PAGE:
Posted February 24, 2017 by

Assumptions that hurt hiring practices

 

Hiring assumptions are everywhere. They often reduce the effectiveness of the hiring process. Admittedly, it’s impossible to remove all potential subjectivity and bias from a hiring process. Even as we’ve introduced more technology into recruiting (for example, Applicant Tracking Systems), a human being–a flawed human being–makes the final decision after some person-to-person meetings. A candidate’s dress, speech, overall manner, specific responses to questions, and more can potentially trigger biases and assumptions in even the most level-headed hiring manager. Confirmation bias is hugely powerful psychologically, and we can’t ignore that.

However, let’s call out some of the biggest hiring assumptions. Perhaps increased awareness can help us to be more vigilant, and minimize the impact of our biases on recruiting and hiring. Some of the most common hiring assumptions include:

Assumption #1: “The perfect candidate is always out there somewhere!” This is an ideal, but often not the reality. To find the best candidate for a given job, a hiring manager/HR professional needs to understand three different concepts: (1) the work itself, (2) the current composition of the job market for that type of role, and (3) what other jobs in that geography (or remote) are offering. Internally at companies, HR and hiring managers tend to understand (1), but less so (2) and (3). If you need an “agile scrum manager,” and your local market just hired dozens of that role, then when you go to hire, it’s a depleted market. The perfect candidate may not be out there, and it may be better to delay the posting instead of hiring someone short of your needs because of this hiring assumption.

Assumption #2: Complicated hiring processes weed out less passionate candidates: Many times, companies will create intense early-stage (top of funnel) hiring processes. For example, their candidates must take written tests, complete projects, etc. The theory is logical: having these as mandatory will weed out less-passionate “passive” candidates. Unfortunately, though, this is also a hiring assumption that can backfires. Intensive, jump-through-hoops hiring demands can end up just being barriers, and weed out highly-qualified people, who may simply choose not to apply. Additionally: if your hiring process is very demanding, that might be fine. But please make sure it correlates with competitive compensation at the end. No one wants to prove a skill set 17 times over to then be offered an under-market salary.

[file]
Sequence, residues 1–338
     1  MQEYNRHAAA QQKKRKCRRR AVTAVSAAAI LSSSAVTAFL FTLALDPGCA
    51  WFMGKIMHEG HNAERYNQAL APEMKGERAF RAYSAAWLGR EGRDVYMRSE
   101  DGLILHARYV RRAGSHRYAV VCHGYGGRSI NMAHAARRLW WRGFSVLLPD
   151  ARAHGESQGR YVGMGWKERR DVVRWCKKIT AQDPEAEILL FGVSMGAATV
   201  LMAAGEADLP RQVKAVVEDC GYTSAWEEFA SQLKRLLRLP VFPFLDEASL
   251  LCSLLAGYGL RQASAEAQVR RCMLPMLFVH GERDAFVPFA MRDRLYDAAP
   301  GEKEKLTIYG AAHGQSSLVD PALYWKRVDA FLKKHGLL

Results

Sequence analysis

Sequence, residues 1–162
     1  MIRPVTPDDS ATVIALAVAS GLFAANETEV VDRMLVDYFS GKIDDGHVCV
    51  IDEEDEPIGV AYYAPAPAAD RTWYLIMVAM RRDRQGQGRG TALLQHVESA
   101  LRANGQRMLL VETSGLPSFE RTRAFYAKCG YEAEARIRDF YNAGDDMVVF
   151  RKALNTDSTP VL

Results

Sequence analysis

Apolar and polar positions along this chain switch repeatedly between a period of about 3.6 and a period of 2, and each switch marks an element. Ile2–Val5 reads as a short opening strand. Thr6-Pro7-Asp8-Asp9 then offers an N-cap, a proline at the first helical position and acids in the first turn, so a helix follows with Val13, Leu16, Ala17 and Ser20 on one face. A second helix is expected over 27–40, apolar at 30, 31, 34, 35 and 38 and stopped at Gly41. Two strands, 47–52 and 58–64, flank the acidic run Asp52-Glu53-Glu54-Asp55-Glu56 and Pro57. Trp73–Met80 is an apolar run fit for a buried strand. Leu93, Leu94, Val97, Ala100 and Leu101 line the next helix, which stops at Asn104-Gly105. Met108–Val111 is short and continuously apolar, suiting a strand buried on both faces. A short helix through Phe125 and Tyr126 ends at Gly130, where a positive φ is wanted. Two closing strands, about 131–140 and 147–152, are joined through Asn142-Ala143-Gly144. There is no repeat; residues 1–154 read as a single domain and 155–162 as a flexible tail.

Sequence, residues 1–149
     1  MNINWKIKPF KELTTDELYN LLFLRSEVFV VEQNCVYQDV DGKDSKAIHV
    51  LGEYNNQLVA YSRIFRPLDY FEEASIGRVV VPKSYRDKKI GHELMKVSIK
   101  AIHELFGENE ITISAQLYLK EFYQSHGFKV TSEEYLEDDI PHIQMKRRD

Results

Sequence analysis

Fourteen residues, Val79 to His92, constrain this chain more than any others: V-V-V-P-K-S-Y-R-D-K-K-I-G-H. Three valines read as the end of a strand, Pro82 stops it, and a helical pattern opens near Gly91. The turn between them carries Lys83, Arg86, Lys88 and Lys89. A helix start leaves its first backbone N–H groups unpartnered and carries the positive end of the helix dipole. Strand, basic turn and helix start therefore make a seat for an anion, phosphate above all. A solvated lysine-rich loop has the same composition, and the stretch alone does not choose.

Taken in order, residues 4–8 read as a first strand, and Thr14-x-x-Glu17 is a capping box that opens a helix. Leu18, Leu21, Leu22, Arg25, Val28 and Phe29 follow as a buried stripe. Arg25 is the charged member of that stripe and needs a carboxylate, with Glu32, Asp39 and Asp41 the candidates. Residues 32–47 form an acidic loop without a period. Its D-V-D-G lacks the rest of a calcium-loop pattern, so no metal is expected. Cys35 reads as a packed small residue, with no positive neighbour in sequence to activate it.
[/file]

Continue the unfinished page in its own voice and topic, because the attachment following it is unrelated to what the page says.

Assumption #3: “It won’t take long!” It will — and very much so. Time-to-hire and time-to-fill statistics vary widely by industry, but per Glassdoor research presented in The New York Times, an average white-collar time-to-hire doubled between 2009 and 2014. (Roughly 12 days to 24 days.) Those are business days, too, so 24 is about five full weeks. If you’ve been a candidate in the last few years, it often feels like longer than five weeks.

Assumption #4: Hire for competence matters most: We’ve hired on measures of competence — i.e. GPA, name of school you attended, etc. — for generations. Now some are arguing that’s a flawed approach, largely because of the VUCA concept mentioned above. Companies are pivoting their core strategy and revenue model more than ever before. It would stand to reason, then, that you need adaptive, curious employees–as opposed to employees who meet every competence bullet point on your job description. Now, curiosity and adaptability are much harder to measure for, and hiring processes are supposed to be about elements that can be effectively measured and not subject to deep biases. But if the business world is changing, shouldn’t hiring — and the hiring assumptions we root ourselves in — change as well?

Assumption #5: A-Players can hit the ground running: “Hit the ground running” has been proven by research repeatedly to not exist. Almost all employees require a few weeks, if not a number of months, to get up to speed on a job and the various relationships and reporting structures around it. High potential employees (i.e. “A-Players”) do exist, but Zenger Folkman has it as about five percent of a given company. So if you open 100 jobs, 5 of those hires may be A-Players. Coming from a hiring assumption of “only wanting A-Players” will lead to frustrations on the search side.

Assumption #6: This expensive Applicant Tracking System must be helping to find the best person: This is perhaps the most galling of all hiring assumptions. Applicant Tracking Systems can greatly increase efficiency and time management in the hiring process, yes. But they are technology. Sometimes technology doesn’t work the way we intend it to — that’s one small reason why “Texting Fails” is so popular. ATS will find you great people some of the time, and find you absolutely horrible fits sometimes as well. It’s a flawed assumption to believe that expenditure on technology can or will solve what’s inherently a people-driven process.

 

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